What Is the Difference Between a Court Intervention Estate & a Non-intervention Estate?

By Heather Frances J.D.

Whether you create a will or die without one, some of your property must go through probate before being distributed to your beneficiaries or heirs. Your state’s probate process provides rules under which your estate’s representative gathers your assets, pays your debts and distributes any remaining assets according to your will or, if do not have a will, state law. Depending on your state’s laws, you may be able to include language in your will that makes this process easier for your representative by lessening the court’s level of intervention.

Whether you create a will or die without one, some of your property must go through probate before being distributed to your beneficiaries or heirs. Your state’s probate process provides rules under which your estate’s representative gathers your assets, pays your debts and distributes any remaining assets according to your will or, if do not have a will, state law. Depending on your state’s laws, you may be able to include language in your will that makes this process easier for your representative by lessening the court’s level of intervention.

Intervention Estates

When your estate requires substantial court involvement, it may be referred to as an “intervention” estate. Although your state may use a different term to describe the process, all states typically have versions of probate that require your estate’s executor, or representative, to obtain court approval for almost every action. For example, intervention probate in Washington requires a representative to request permission from the court before acting, provide an annual accounting to the court, furnish his receipts and canceled checks to the court and heirs, and obtain a decree of distribution from the court at a final hearing. Some states call this process supervised probate or administration, or other similar term.

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Non-Intervention Estate

Unlike with an intervention probate, non-intervention estates allow your executor to act without court oversight. Some states call this “independent” or “informal” probate, and state laws vary about which estates are eligible for non-intervention probate. For example, Colorado allows your estate to be settled without any court intervention if you have less than $50,000 in assets and no real estate. If your estate does not qualify for this level of probate, Colorado allows an informal process in which the court has a limited role but still ensures the terms of your will are followed and your representative can be held accountable.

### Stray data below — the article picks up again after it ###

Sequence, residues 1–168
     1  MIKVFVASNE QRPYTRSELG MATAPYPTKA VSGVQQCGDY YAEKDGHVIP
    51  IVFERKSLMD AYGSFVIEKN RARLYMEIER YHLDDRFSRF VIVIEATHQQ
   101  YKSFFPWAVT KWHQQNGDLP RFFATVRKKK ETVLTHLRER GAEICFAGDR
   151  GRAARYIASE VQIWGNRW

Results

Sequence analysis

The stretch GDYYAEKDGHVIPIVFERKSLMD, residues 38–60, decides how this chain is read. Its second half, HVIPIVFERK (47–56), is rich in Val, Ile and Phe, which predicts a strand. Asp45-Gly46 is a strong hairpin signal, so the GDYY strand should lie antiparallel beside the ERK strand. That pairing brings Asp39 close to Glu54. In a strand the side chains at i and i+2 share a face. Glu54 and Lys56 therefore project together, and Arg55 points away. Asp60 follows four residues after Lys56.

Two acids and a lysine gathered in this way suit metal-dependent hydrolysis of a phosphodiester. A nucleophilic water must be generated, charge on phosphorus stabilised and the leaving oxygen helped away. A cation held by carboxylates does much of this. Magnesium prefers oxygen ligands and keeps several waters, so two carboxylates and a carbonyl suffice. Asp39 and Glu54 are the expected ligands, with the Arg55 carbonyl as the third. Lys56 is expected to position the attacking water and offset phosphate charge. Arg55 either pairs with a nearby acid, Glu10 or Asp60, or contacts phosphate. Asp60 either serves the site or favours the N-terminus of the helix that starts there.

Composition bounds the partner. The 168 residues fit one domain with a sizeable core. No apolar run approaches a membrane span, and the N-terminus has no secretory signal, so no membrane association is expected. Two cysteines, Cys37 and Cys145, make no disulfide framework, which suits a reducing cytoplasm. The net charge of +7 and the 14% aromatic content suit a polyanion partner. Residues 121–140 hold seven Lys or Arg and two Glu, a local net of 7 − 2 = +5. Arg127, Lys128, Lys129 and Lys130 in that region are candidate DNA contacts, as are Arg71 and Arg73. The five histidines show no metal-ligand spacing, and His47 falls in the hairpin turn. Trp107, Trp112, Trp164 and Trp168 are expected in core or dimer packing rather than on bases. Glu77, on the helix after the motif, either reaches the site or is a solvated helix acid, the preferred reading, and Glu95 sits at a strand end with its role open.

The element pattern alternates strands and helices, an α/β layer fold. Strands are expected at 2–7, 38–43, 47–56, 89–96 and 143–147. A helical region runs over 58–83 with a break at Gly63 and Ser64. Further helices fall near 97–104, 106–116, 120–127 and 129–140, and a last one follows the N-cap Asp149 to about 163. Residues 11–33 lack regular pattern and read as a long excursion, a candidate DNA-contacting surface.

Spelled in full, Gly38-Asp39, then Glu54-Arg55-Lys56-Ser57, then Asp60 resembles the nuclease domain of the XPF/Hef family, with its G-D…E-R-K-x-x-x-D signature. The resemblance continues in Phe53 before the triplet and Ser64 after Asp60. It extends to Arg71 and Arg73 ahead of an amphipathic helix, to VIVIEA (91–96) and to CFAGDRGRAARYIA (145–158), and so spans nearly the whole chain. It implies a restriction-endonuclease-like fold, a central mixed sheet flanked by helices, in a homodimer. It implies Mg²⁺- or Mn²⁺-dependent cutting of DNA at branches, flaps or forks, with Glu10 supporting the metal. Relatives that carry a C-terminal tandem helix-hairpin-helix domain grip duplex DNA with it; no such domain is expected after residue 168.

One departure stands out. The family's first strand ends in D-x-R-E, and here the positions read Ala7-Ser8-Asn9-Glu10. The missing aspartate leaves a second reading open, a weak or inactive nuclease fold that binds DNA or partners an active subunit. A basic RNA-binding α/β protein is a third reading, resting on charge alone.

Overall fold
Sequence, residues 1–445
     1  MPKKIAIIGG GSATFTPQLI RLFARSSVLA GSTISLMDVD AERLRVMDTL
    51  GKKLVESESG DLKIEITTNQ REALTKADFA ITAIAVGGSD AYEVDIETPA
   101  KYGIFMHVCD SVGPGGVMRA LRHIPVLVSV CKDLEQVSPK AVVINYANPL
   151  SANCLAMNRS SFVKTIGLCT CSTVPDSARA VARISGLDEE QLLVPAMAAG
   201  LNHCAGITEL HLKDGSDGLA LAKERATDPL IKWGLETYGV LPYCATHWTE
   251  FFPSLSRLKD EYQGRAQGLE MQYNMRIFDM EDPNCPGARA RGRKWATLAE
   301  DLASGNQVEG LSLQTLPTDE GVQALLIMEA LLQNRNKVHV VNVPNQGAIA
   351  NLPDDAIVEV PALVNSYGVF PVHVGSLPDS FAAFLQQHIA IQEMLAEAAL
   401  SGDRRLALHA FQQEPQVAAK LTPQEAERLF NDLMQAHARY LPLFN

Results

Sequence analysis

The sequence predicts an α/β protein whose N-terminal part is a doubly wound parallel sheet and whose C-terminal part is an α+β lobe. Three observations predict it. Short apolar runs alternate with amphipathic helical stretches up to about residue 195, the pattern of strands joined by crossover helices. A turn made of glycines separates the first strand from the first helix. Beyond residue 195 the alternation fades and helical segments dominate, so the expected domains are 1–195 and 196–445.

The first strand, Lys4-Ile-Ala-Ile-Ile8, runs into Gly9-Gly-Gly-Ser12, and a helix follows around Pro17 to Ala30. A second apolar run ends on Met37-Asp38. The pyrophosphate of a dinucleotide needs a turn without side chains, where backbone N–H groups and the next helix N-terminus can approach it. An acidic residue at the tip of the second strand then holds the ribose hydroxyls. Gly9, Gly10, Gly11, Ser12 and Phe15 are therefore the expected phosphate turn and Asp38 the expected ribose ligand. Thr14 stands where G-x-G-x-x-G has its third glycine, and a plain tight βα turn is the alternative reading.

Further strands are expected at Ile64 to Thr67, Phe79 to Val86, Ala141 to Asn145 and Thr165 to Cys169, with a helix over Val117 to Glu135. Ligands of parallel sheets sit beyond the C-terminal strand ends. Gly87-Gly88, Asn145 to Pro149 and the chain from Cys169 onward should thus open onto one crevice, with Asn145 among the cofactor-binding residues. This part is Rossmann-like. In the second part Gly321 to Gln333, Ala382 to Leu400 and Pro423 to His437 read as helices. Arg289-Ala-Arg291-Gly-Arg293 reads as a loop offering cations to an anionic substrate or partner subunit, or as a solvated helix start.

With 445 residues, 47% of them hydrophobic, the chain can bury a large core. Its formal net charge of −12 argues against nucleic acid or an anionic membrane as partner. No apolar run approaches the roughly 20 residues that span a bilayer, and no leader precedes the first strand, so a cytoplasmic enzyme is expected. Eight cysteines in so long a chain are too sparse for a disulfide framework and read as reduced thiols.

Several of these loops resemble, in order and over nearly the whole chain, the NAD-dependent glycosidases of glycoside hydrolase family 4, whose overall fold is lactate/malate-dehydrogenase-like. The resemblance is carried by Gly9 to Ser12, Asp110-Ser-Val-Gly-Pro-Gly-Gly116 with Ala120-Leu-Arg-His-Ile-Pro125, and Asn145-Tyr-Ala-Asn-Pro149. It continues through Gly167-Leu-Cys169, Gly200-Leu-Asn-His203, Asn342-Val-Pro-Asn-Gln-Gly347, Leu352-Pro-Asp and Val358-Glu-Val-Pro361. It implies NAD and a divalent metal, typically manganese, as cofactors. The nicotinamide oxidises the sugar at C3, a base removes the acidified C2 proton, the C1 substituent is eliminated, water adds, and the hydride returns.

Determining Court Intervention Levels

Some intervention levels are determined by the contents of your estate. For example, Illinois allows a special process for estates less than $100,000 that do not involve real estate. Depending on your state’s laws, you may include your preference for an intervention or non-intervention probate in your will. If you expect your estate to become complicated, perhaps because of the personalities involved, you might want to use your will to indicate a preference for court intervention. If you do not make an election in your will, your representative or beneficiaries can make the request, either by making an election when the will is submitted for probate or by filing a petition with the court.

Executor’s Fiduciary Responsibilities

Your executor is not relieved of his responsibilities to your estate simply because the probate process is informal or requires little court intervention. Even in non-intervention probate cases, your executor has a fiduciary duty to your estate, meaning he must act honestly and in your estate’s best interests. Your beneficiaries still have the right to raise issues about your executor’s actions to the court. For example, if your executor steals money from the estate, your beneficiaries can challenge him in court, even if your estate was a non-intervention or independent case, and the court could remove your executor.

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References

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